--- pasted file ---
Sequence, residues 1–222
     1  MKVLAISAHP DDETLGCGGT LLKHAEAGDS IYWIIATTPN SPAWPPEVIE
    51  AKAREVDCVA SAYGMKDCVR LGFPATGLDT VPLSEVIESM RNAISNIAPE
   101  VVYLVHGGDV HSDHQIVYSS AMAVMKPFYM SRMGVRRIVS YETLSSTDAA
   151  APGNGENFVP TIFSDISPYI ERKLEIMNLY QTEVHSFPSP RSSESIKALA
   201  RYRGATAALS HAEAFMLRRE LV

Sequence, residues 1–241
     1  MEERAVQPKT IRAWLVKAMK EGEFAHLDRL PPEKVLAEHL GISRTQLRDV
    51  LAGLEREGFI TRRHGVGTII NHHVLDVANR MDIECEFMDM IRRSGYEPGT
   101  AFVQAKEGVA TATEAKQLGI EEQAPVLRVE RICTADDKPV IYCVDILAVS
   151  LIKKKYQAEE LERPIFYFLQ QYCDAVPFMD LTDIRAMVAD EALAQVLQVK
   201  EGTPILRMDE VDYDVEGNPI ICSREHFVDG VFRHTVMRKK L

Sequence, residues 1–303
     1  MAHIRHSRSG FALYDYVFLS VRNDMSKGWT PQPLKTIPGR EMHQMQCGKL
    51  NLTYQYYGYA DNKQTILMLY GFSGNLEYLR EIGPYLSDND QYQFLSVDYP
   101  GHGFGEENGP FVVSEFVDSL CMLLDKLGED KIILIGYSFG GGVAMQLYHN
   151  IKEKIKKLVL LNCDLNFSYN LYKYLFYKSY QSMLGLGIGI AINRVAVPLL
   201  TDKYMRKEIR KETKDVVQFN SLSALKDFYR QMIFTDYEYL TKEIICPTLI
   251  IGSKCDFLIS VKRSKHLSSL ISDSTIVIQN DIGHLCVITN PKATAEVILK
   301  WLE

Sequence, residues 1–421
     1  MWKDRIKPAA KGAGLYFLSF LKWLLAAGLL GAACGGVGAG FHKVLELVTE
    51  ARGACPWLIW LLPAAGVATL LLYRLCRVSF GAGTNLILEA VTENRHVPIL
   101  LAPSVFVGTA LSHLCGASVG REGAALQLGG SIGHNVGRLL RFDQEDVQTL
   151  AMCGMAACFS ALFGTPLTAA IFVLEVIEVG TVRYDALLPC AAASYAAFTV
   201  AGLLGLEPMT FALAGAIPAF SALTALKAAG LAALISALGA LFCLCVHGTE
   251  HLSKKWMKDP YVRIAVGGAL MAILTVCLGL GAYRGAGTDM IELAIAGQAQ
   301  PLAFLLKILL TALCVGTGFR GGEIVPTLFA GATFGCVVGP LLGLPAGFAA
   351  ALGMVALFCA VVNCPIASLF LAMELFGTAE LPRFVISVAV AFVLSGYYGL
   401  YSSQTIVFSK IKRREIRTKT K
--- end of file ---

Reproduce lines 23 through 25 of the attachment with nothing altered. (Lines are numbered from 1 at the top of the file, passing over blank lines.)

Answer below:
    51  ARGACPWLIW LLPAAGVATL LLYRLCRVSF GAGTNLILEA VTENRHVPIL
   101  LAPSVFVGTA LSHLCGASVG REGAALQLGG SIGHNVGRLL RFDQEDVQTL
   151  AMCGMAACFS ALFGTPLTAA IFVLEVIEVG TVRYDALLPC AAASYAAFTV